Monday, December 31, 2007

Community Powerdown session 10

For once I'm not writing this the evening of the session, because we went out for drinks to celebrate the end of the course. Which was definitely an important part of fostering the community spirit, and also a good opportunity to talk in more depth with some of my classmates. But it did delay writing up this post.

This session focussed on Communication and Livelihoods. It was also another interesting session, looking how we communicate messages about peak oil and climate change, and the need for a community response, beyond our immediate circles.

The Futerra document New Rules New Game was interesting, it utilized a lot of approaches familiar from social psychology, which I've found in the past for some reason tend to be exploited with great success by marketers and advertisers, but not applied by others interested in knowing more about how groups work, how opinions change, and most importantly, how behaviour might change. The key messages of this document , which we also went through during the class were: target others than the 'usual suspects'; distinguish between active and unconscious or habitual actions in terms of when someone may be open to change and when they are doing things without consciously choosing them; 'refreeze the good' in terms of once a preferable or more sustainable behaviour has been initiated getting to become a new habit; forget the value-action gap as people don't reliably act in tune with their stated or consious values, and given a conflict will modify their values to support their behaviour; and finally change groups rather than indiviuals.

I agree with much of this, but I'm less convinced by 'refreeze the good' - I'd like people to live a little more consiously as a whole. However I do think it's crucial to change systems so that acting sustainably is automatic, rather than requiring a conscious effort each time, which it isn't possible to maintain - we need to make it easy, and easier than the alternative, so that we don't have to think about it all the time. People damage the planet without meaning to and can heal it without meaning to as well, paradoxical as that sounds. This really is essential - I think most people don't actually want to cause harm (although the few that do also need to be guarded against) but inadvertently, and through alienation, end up doing so. This can be changed because there is no willful desire to harm that must be tackled.

Another issue was the value-action gap, this gap between values or attitudes and actions has been demonstrated very strongly in social psychology - people will repeatedly state one thing, and seem genuinely to believe it, but do another. This article said that peole will change their attitudes if the conflict is brought to their attention, which isn't what you want, and this is part of cognitive dissonance - it's difficult to hold the contradictory thoughts or beliefs or cognitions that 'I care about the environment' and 'I'm harming or have harmed the environment through my actions' - you change to thinking 'I don't care about the environment' as that doesn't conflict with your actions. However I pointed out in the class that it's rarely looked at the other way though it does work in both directions - someone changes their actions, such as, say, buying fair trade or organic coffee because their usual coffee shop has started stocking it. They don't think of themselves as someone who cares about that, but gradually start to see themselves differently as someone who does care. I do think there needs to be more work done concerning this - actions that people are already taking that they don't see as important. For example being vegetarian is a large political statement in a culture with a strong emphasis on meat-eating, and it is also a big individual contribution to sustainable living, one of the biggest an individual can make, especially given the massive global ecological burden of feeding livestock and growing grain to feed animals that are eventually eaten. Yet some vegetarian friends don't see this as a major contribution that they are already making, because it wasn't the motivation for them no longer eating meat. Just for people to see they're already doing some things, and that this can change their attitudes, for example, I'm someone who does care, I'm someone who can and is making a difference, I am capable of taking action.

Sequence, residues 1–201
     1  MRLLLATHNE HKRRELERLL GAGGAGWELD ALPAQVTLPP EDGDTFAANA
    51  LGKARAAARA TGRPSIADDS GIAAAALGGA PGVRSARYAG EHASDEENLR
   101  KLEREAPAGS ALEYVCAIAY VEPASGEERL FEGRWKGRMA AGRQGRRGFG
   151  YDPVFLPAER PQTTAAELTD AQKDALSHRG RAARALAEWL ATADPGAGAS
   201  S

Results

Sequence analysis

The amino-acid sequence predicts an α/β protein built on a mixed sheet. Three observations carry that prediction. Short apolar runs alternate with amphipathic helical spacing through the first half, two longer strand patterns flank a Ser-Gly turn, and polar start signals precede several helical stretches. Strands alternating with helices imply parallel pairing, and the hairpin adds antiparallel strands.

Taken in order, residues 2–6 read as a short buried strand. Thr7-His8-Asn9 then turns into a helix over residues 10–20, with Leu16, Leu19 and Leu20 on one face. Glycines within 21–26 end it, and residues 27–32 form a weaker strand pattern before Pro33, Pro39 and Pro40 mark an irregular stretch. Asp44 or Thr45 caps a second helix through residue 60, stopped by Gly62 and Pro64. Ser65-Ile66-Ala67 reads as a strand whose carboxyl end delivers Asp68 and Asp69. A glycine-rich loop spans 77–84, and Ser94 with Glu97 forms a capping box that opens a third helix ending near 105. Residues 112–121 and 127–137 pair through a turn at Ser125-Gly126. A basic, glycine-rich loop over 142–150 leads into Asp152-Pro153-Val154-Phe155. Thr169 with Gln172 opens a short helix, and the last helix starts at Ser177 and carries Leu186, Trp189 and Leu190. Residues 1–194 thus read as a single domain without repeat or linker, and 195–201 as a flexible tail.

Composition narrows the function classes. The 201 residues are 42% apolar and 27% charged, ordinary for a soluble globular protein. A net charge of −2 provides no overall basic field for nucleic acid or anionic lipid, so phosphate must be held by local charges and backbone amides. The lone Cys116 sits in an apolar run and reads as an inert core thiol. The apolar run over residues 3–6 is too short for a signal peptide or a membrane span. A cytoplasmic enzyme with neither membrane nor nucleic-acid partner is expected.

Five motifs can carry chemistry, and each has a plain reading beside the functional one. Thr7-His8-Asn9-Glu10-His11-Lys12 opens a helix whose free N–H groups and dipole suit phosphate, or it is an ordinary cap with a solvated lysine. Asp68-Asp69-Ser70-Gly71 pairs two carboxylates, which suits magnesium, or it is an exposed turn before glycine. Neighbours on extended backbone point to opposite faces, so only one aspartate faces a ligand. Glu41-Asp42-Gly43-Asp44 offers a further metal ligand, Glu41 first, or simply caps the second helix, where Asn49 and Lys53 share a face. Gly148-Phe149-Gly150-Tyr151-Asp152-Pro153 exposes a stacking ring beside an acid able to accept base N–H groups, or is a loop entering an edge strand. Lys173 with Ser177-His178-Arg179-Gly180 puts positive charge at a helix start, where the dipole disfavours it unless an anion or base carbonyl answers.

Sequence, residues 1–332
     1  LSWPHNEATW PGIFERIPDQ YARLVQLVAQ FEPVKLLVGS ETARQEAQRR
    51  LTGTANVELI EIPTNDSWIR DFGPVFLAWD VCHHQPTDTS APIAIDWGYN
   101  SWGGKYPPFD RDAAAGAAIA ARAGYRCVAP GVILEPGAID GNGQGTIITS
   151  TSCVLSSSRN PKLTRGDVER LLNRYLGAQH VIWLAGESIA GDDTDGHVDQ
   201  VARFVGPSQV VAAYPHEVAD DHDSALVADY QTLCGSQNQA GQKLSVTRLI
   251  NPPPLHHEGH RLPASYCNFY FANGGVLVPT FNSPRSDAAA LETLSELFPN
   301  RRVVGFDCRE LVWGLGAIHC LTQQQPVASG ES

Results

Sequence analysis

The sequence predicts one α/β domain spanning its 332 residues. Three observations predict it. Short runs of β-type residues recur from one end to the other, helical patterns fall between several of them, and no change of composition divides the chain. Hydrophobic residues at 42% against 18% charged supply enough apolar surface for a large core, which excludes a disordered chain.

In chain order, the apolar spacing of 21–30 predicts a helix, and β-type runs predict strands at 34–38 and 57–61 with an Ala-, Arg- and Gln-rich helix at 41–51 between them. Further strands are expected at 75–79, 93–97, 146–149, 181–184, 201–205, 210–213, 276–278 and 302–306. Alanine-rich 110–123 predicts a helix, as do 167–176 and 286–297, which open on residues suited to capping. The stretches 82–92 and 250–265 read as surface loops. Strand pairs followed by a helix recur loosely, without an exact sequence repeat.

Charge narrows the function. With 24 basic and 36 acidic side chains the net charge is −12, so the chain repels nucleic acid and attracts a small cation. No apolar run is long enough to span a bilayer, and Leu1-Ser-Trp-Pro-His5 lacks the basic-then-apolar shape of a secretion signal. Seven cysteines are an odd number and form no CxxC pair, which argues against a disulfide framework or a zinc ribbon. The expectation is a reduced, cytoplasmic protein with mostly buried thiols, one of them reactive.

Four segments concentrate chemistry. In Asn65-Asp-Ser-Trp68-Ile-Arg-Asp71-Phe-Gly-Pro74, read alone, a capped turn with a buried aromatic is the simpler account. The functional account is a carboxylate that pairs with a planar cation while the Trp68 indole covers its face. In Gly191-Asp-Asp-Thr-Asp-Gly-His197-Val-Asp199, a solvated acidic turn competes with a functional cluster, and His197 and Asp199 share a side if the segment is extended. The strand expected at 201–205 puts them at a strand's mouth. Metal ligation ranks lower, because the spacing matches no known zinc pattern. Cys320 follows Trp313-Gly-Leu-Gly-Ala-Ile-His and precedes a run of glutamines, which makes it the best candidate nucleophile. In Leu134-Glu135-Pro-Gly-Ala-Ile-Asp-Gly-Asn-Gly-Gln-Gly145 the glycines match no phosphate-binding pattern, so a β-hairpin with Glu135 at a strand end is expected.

One thing that struck me with the Futerra document was that people do want to 'do good' - be useful, good and important. And that is important and not often said, as well as being something to work with. It doesn't all come out of fear and attacks.

We reflected that often there is only fear or negative stories told, when it's crucial to provide pathways to solutions. The facilitator felt that we should not dwell on the fear or the magnitude of the problem, but I think it is also important to ensure that people understand that there is a problem and that it's serious. That recognition is the first stage - you have to acknowledge you have a problem, as AA would tell you. From that definitely you have to provide some solutions and ways to finding solutions, not to just leave people scared and depressed. Fear alone creates apathy and avoidance. But solutions won't be of interest or used unless people are convinced this is something requiring solutions. And that consensus, that recognition of the problem is only starting to dawn on many people now, and by no means everyone. It's very recent, and has to be reiterated, and taught to more and more people. And the solutions brought out of that recognition of the problem. The problem alone certainly won't convince people to change, but neither will solutions or changes presented when people are not convinced of the seriousness of the problem.

The other article, written for the course as with most of the others, was What Kinds of Livelihoods will be Vital? by Larry Santoyo. It covered almost all possible livelihoods, such as politics, energy, food, water, land management, local business, big business, waste, shelter, transport, information, thus rendering it rather general, with very little written about particularly the latter livelihoods. Useful pointers for further thought but that's about it.

A point was made that 'global warming' is too cosy a term, people think, great, Ireland will have a mediterranean climate, perhaps the damn rain, cold and dark will stop, instead of realizing that we're actually talking about a strong possibility of global catastrophe. Climate change is a less cosy term but we do need another one that communicates the extreme seriousness of the problem.